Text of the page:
Tuesday, April 10, 2012

Inaccessible Accessibility

I am, and have been for some years, a holder of a Blue Badge. The Blue Badge is a wonderful thing for access. My badge is up for renewal in a couple of months, and Warwickshire County Council have very helpfully (credit where it's due) sent me a renewal form and some guidelines.

They need proof of:
  • My name, in other words my marriage certificate.

  • My address, in other words my council tax bill.

  • and my eligibility, in other words my letter confirming my award of Disability Living Allowance including the High Rate Mobility component.

So far no problem.


They don't want the responsibility of handling original documents. They want me to send certified copies.

Okay, that's fairly sensible too. I prefer to keep my original documents in my own posession and I appreciate the effort to reduce the risk of losing them.

According to most of the UK, a certified copy is a photocopy of a document that has been verified as being true by a person who holds a certain position of responsibility. A doctor, a policeman, an MP, a civil servant, you get the idea. The Jobcentre made a certified copy of my marriage certificate when I went in to change my name. Or, that proud institution the Post Office will make certified copies of up to three documents for the fairly reasonable sum of £7.15 as part of their passport and identity services.

These certified copies are good enough for most institutions and can be used for opening bank accounts or getting mortgages, but apparently they're not good enough for Warwickshire County Council's Blue Badge scheme. Warwickshire County Council insist that the certified copies must be made by someone who not only fits the usual criteria, but also knows me personally and is not a relative.

(Amusingly, however, I can self-certify my own photograph for the badge as a "true likeness" without it having to be corroborated by anyone.)

I couldn't quite believe it and phoned them to check. The conversation went a little bit like this:
(Me): I'm a blue badge holder. I don't drive. I'm written up as "socially isolated" on my care plan. I don't know that many non-relatives. Can I bring in my original documents to your offices and wait while you copy them?
Only if you know someone here who can confirm that you are who you say you are.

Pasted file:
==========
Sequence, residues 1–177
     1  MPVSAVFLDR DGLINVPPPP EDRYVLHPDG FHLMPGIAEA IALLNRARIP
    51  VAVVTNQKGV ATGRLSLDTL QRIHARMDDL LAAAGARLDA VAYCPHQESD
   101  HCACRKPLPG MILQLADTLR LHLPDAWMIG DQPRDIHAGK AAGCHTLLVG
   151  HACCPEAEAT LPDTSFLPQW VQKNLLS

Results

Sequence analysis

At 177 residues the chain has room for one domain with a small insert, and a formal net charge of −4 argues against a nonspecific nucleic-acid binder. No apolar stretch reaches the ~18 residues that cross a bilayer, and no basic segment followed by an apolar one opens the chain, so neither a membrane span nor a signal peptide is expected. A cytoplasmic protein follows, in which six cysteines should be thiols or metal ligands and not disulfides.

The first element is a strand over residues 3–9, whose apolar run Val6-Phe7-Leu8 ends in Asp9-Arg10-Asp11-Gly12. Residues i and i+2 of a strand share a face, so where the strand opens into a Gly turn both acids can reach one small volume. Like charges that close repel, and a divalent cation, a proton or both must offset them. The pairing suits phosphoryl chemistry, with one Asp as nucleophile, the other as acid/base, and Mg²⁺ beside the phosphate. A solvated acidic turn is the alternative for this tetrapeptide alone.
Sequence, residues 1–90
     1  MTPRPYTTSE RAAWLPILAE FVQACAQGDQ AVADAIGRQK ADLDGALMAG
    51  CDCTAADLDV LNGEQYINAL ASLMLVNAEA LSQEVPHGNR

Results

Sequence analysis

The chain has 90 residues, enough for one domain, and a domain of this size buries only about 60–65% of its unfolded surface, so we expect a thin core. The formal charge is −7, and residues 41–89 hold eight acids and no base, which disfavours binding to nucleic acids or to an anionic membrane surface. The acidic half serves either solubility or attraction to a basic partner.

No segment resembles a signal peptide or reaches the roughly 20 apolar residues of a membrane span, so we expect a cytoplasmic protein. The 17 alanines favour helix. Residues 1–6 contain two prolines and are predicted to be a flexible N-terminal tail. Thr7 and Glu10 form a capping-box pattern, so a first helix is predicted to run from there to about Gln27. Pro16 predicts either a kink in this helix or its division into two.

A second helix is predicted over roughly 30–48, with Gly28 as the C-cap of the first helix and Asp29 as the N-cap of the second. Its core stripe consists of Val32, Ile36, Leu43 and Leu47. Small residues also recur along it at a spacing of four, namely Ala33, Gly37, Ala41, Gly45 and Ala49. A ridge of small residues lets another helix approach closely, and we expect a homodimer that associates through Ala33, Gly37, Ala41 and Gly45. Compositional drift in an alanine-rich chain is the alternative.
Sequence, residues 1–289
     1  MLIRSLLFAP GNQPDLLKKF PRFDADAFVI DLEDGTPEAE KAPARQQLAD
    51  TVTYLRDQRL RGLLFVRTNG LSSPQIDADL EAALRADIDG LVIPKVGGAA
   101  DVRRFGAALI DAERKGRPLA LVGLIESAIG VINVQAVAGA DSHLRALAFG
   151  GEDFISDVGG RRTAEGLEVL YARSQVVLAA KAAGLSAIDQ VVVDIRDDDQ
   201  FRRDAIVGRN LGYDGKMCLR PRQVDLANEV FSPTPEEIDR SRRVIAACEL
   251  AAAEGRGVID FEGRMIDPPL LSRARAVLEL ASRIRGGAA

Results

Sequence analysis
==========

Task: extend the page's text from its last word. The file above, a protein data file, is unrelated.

Oh. No, I don't. Well, can I send normal certified copies from the Post Office?
Do they know you personally at the Post Office?
No, but they do proper legally acceptable Certified Copies...
They have to actually know you and be able to confirm that you are who you say you are. We've had to introduce these measures to combat fraud.
But you seem to have made it difficult for precisely the people who the scheme is aimed at! The reason I don't know people is because it's difficult for me to get out and about!
I can't discuss policy. There must be someone. Your best bet is someone who owns a local business. Do they know you at the local shop?
No, they don't know me at the local shop, because I'm a blue badge holder and as such I don't walk to the shop.
Or your bank?
I bank online. I shop online. I work online. I do most things online, because it's really difficult for me to get out and about and that is why I have a blue badge!
If you're working, how about your boss?
I am self-employed. I don't have a boss and I doubt you'd let me self-certify.
Anyone you know through work who runs their business?
Clients? Some of them would be eligible, but most of them have never met me, because I work online, what with the whole being eligible for a blue badge because it's difficult for me to get around issue. They only know me on email and phone calls.
But they know that you're you - they can do it!
May I ask you a question? Imagine you have a business. Imagine you try to project a professional image to your clients of being capable and self-sufficient. Would you feel comfortable placing yourself in a position of need? Giving one of them your disability benefits confirmation letter to thoroughly examine?
er... I see the problem but it looks like that's what you're going to have to do.

Warwickshire County Council, ladies and gentlemen. Recommending that I go whimpering to my clients. Advising me that I am obliged to do this in order to obtain an access tool. Refusing to accept the perfectly accessible and inexpensive identity-checking service offered by the Post Office. Creating additional barriers. Well done, boys and girls.

There is a happy ending. Another disabled person is helping me out. That doesn't make Warwickshire County Council's attitude acceptable.

Now, to take a deep breath and try to rewrite this post in a less ranty form, in the hope that explaining their error to Warwickshire County Council might lead them to change things in future.